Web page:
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Teaching Kids and Teenagers to Be Smart About Social Media

Written by Petro Fourie – MA(SW)

Most teens use some form of social media and have a profile on a social networking site. Many visit these sites every day.

There are plenty of good things about social media — but also many risks and things kids and teens should avoid.

They don’t always make good choices when they post something to a site, and this can lead to problems.

So it’s important to talk with your kids about how to use social media wisely.

    What’s Good About Social Media

    Social media can help kids:

    • To stay connected with friends and family
    • Kids can volunteer or get involved with a campaign, non-profit, or charity
    • Kids can enhance their creativity by sharing ideas, music, and art
    • They meet and interact with others who share similar interests
    • The kids can communicate with educators and fellow students

    What’s Bad About Social Media

    • Though social media have a lot of positive uses, there is unfortunately also the other side of social media, the side that parents must take note of.  On social media is where cyber bullying is a reality and also a place where children can get knowingly or unknowingly involved in questionable activities.
    • Without meaning to, kids can share more online than they should.

    Most teens:

    • post photos of themselves online or use their real names on their profiles
    • reveal their birthdates and interests
    • post their school name and the town where they live

    This can make them easy targets for online predators and others who might mean them harm.

    In fact, many teens say they have:

    • been contacted online by someone they didn’t know in a way that made them feel scared or uncomfortable
    • received online advertising that was inappropriate for their age
    • lied about their age to get access to websites

    There are certain concerns around the use of social media by kids and teenagers.

    • Besides problems like cyberbullying and online predators, kids also can face the possibility of a physical encounter with the wrong person. Many newer apps automatically reveal the poster’s location when they’re used. This can tell anyone exactly where to find the person using the app.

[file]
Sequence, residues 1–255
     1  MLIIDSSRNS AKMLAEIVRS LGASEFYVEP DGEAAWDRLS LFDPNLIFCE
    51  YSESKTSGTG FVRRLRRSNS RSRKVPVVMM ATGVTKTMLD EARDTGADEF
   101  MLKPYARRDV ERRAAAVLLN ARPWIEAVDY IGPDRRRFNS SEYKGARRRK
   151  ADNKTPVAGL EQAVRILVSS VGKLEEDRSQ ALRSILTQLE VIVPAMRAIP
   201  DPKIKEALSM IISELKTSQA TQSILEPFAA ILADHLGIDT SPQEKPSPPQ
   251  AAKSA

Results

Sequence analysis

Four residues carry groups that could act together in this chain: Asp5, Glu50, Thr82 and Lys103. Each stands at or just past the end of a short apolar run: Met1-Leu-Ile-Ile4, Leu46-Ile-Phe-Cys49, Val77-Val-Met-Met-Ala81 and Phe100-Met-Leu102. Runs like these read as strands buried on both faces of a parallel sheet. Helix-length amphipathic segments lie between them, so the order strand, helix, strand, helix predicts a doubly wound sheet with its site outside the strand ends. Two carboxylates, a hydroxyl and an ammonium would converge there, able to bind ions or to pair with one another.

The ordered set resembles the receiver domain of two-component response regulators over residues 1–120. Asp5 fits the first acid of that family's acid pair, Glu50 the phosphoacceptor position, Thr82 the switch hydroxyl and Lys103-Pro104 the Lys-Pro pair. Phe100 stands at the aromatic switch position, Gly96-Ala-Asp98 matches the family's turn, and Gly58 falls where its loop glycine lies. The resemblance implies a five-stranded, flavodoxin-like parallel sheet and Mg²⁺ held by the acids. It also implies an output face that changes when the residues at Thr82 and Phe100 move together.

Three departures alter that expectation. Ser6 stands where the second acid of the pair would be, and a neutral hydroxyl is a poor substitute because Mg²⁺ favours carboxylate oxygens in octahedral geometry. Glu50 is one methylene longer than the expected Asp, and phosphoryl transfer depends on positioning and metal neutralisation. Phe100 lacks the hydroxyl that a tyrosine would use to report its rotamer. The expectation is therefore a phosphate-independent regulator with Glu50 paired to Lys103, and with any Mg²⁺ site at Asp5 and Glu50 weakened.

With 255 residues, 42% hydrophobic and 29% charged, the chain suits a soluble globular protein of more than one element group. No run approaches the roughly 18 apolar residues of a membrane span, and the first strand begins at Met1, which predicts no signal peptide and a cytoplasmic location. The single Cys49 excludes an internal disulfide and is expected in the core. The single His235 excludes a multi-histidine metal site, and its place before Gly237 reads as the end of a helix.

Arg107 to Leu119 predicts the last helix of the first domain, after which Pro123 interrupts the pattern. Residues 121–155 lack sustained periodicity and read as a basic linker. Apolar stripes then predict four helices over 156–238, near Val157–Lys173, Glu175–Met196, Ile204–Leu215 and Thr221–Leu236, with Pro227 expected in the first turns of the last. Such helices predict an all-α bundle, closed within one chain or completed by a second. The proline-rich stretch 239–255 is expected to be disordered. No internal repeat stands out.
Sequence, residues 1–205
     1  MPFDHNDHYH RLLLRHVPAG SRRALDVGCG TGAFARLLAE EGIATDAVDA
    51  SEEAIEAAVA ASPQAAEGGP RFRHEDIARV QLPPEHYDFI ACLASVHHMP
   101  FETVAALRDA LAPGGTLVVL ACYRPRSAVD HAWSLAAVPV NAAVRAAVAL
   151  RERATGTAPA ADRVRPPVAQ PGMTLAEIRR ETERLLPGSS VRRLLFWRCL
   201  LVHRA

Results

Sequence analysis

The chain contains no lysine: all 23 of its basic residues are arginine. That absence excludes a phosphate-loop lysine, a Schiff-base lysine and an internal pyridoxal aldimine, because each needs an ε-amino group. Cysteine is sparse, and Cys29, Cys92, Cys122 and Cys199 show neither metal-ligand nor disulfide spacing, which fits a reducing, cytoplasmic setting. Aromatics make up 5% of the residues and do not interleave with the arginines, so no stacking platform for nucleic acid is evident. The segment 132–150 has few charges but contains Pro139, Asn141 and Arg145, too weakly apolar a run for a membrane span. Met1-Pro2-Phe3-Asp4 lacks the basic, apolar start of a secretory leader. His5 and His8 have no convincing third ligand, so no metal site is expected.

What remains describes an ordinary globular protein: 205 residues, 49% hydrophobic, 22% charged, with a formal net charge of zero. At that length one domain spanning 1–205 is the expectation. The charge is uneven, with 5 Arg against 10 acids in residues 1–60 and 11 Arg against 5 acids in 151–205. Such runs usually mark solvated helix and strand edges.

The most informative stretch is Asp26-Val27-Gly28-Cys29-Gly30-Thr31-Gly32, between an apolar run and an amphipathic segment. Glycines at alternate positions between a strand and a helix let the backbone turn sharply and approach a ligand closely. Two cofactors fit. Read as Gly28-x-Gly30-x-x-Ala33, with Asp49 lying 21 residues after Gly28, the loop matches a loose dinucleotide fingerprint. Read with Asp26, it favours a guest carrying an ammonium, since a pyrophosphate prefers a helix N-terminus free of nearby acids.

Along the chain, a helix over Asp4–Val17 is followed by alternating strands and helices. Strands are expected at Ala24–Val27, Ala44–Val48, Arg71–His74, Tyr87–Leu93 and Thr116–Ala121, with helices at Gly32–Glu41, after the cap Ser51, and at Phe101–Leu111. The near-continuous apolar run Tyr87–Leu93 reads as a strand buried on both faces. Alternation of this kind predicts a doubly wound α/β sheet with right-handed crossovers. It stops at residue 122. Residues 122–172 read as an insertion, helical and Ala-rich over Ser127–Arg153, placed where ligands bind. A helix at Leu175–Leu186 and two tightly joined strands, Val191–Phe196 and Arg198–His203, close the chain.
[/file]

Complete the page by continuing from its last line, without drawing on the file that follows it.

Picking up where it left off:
• And photos, videos, and comments made online usually can’t be taken back once they’re posted. Even when a teen thinks something has been deleted, it can be impossible to completely erase it from the Internet.
    • Posting an inappropriate photo can damage a reputation and cause problems years later — such as when a potential employer or college admissions officer does a background check. And sending a mean-spirited text, even as a joke, can be very hurtful to someone else and even taken as a threat.
    • Spending too much time on social media can be a downer too. Seeing how many “friends” others have and the pictures of them having fun can make kids feel bad about themselves or like they don’t measure up to their peers.

    What Can Parents Do?

    • It’s important to be aware of what your kids do online. But snooping can alienate them and damage the trust you’ve built together. The key is to stay involved in a way that makes your kids understand that you respect their privacy but want to make sure they’re safe.

    Learn your kids that it’s important to:

    • Be nice. Mean behaviour is not OK. Make it clear that you expect your kids to treat others with respect, and to never post hurtful or embarrassing messages. And ask them to always tell you about any harassing or bullying messages that others post.
    • Think twice before hitting “enter.” Remind teens that what they post can be used against them. For example, letting the world know that you’re off on vacation or posting your home address gives would-be robbers a chance to strike. Teens also should avoid posting specific locations of parties or events, as well as phone numbers.
    • Follow the “WWGS?” (What Would Grandma Say?) rule. Teach kids not to share anything on social media that they wouldn’t want their teachers, college admissions officers, future bosses — and yes, grandma — to see.
    • Use privacy settings. Privacy settings are important. Go through them together to make sure your kids understand each one. Also, explain that passwords are there to protect them against things like identity theft. They should never share them with anyone, even a boyfriend, girlfriend, or best friend.
    • Don’t “friend” strangers. “If you don’t know them, don’t friend them.” This is a plain, simple — and safe — rule of thumb. Cyber safety guidelines for parents.

    Make it a family rule to: